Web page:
[REVIEW] Thanks to Handheld Mode, ‘Outlast’ is More Terrifying on Switch Than Anywhere Else

Outlast: Bundle of Terror
Developer: Red Barrels
Publisher: Red Barrels
Reviewed on: Nintendo Switch
Release date: February 27, 2018
Price: $24.99 USD

Having already played Outlast on PC, Xbox One, and PlayStation 4, I was surprised by how excited I was to jump back in for a fourth go when developer Red Barrels stealthily released the nearly five-year-old horror title and its extra Whistleblower chapter for the Nintendo Switch. After spending the last week with the Bundle of Terror, I can confidently say that Outlast is at its most terrifying when played in the dark, wearing headphones, with the Switch tightly gripped in the sweaty palms of my hands.

While I wholeheartedly believe that most horror fans have already dipped their toes into Outlast’s intense brand of terror on one of the other platforms, the Nintendo Switch is introducing plenty of games to a new audience.


For those of you unfamiliar, Outlast is a first-person horror game that removes the safety of combat and places you inside of the Mount Massive Asylum deep in the Colorado mountains. As investigative journalist Miles Upshur, you’ve just received a tip that the “research and charity” wing of the Murkoff Corporation has been occupying the abandoned facility. Armed with nothing but a digital camcorder and a handful of batteries, you infiltrate the grounds in an attempt to document the goings on inside, but things are far worse than you could have ever imagined.

Twisted experiments and deranged patients roam freely, freshly severed heads adorn shelves like trophies, and scattered documentation alludes to an otherworldly project known as Walrider. It’s also worth noting that Outlast is rife with disturbing imagery, nudity, profanity, and doesn’t shy away from gore, so if you’re the squeamish type you may want to prepare yourself before diving in.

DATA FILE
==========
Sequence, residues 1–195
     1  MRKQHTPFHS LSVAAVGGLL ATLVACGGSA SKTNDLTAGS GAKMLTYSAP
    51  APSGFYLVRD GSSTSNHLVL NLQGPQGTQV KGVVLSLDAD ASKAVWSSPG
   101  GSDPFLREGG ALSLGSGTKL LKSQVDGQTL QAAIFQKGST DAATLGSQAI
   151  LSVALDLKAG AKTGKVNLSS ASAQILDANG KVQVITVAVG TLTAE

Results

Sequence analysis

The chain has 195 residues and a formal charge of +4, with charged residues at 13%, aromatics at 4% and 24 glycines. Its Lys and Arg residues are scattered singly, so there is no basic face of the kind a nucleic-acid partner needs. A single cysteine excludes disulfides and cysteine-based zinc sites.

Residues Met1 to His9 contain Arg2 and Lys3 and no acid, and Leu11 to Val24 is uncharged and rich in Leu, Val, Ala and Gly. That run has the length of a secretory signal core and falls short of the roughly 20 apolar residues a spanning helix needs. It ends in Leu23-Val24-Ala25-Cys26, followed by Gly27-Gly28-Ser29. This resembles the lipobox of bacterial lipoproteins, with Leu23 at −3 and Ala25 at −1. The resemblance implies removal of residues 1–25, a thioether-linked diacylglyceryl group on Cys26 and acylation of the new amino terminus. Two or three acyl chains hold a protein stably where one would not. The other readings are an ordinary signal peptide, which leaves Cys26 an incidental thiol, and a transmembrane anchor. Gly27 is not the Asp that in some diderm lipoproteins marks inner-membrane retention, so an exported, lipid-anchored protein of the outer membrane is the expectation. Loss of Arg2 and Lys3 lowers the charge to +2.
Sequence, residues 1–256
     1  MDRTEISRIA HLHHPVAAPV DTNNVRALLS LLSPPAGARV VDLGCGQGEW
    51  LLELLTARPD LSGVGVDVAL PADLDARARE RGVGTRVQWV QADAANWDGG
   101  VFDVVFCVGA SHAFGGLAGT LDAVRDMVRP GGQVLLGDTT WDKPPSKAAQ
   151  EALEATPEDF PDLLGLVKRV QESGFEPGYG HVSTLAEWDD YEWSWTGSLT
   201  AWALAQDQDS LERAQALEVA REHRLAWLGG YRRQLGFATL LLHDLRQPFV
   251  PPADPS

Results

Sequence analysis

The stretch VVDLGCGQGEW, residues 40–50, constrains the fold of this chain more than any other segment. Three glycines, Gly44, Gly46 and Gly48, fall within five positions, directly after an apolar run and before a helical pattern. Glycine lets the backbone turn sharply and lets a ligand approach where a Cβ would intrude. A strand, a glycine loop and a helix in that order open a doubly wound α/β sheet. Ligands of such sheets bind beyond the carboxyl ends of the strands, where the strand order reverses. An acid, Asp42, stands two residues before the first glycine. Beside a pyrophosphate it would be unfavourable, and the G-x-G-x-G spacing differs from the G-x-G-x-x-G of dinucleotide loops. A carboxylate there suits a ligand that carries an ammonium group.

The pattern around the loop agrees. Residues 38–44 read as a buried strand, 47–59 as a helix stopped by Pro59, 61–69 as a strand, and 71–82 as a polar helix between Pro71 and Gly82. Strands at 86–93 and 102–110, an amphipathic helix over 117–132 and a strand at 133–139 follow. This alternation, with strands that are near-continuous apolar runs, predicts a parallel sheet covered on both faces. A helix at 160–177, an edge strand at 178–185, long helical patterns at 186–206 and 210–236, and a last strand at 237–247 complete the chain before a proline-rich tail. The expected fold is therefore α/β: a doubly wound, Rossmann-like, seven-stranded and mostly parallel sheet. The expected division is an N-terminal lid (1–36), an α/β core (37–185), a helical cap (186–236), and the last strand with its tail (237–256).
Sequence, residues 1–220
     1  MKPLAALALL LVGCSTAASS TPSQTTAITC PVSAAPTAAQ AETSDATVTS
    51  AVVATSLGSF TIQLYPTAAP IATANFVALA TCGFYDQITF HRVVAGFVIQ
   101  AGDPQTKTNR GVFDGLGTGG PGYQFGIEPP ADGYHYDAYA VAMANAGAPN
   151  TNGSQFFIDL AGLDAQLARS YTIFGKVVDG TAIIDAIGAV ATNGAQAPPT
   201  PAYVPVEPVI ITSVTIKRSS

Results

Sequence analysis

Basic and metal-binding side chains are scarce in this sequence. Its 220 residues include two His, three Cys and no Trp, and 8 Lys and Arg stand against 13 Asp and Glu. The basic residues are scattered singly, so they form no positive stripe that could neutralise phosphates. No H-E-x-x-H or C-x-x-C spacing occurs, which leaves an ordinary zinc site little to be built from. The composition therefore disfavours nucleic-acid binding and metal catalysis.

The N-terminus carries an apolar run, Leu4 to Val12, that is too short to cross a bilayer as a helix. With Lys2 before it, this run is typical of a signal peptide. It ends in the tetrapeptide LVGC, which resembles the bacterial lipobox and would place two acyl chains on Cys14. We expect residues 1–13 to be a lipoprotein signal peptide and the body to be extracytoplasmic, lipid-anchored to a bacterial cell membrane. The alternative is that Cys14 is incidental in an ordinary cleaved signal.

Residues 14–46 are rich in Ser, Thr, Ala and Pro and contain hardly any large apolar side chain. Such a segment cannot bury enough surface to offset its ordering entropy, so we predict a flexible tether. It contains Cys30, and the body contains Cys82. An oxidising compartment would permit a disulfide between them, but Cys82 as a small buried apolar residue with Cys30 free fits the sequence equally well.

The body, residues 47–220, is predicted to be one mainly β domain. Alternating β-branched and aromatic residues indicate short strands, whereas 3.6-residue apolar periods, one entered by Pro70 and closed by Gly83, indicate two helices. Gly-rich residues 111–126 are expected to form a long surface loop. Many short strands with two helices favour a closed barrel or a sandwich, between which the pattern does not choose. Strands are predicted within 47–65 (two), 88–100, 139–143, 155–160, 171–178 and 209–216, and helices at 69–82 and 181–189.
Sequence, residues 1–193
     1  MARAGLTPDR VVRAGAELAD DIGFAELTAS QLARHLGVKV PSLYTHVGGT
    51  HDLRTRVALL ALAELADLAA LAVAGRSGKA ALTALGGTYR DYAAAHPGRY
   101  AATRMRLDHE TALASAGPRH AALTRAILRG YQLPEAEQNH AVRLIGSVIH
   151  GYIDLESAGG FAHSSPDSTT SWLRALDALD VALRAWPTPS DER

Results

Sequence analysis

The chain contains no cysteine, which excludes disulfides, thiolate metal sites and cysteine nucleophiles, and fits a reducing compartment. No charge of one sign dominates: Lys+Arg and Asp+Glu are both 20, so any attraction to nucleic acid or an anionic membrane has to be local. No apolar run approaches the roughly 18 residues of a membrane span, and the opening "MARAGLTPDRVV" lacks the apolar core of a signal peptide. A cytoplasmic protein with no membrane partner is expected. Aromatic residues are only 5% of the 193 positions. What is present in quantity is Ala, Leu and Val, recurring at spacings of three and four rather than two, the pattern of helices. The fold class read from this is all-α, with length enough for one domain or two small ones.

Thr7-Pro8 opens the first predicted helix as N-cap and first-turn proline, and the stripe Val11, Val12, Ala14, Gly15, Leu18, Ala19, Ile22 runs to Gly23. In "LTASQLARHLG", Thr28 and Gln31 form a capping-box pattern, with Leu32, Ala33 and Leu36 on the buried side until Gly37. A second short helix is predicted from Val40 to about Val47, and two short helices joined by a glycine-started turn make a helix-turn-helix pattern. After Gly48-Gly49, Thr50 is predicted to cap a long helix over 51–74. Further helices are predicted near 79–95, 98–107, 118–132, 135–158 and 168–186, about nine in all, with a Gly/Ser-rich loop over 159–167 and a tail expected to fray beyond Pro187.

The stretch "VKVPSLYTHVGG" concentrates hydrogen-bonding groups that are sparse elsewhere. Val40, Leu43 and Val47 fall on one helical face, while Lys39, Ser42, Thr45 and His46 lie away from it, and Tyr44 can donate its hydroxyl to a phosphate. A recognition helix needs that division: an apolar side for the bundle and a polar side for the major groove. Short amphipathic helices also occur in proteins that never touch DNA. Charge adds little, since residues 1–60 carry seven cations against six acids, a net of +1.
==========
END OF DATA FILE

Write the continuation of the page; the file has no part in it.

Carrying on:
Surviving is paramount, but escaping is far from simple. You see, Miles isn’t a fighter by any stretch of the imagination. You’ll be stalked, hunted, and chased around the facility and your only means of defense is to run and hide; under beds, inside of lockers, or tucked away in a dark corner.

Of course, not being seen at all is the best approach. Large portions of the Mount Massive Asylum are mostly cloaked in darkness and the only way to see is to use the night vision setting on your digital camcorder. Doing so quickly drains the battery, but replacements can be found atop desks and such. Navigating the dark corridors of the abandoned asylum behind a green infrared hue never ceases to remain intense and, in my opinion, serves as the game’s defining feature.


This sense of unease and terror is elevated to new heights when playing in handheld mode on the Nintendo Switch, especially with a pair of headphones on. Having Outlast on a portable console, tucked under the false security of a blanket, and cowering in fear at the sight of… well, everything, was (for lack of a better term) fucking exhilarating.

Both Outlast and its brief-yet-memorable Whistleblower chapter run great overall on the portable/home console hybrid. You’ll get 1080p when docked on the TV and 720p in handheld mode, but aside from a negligible difference in visual fidelity, their performance as a whole is about even.

I was actually worried at first, though. Within the first 30 minutes, I experienced two progression-stopping glitches. First, during the “how to hide” tutorial, the monster stalking me stood in front of the locker and wouldn’t move so I could leave. Minutes later, I found myself being chased by someone who immediately got stuck inside of the door I slammed in their face. I couldn’t open the door to leave the room and had to reload my checkpoint. I didn’t experience any other weird issues, but it certainly didn’t give off the best first impression.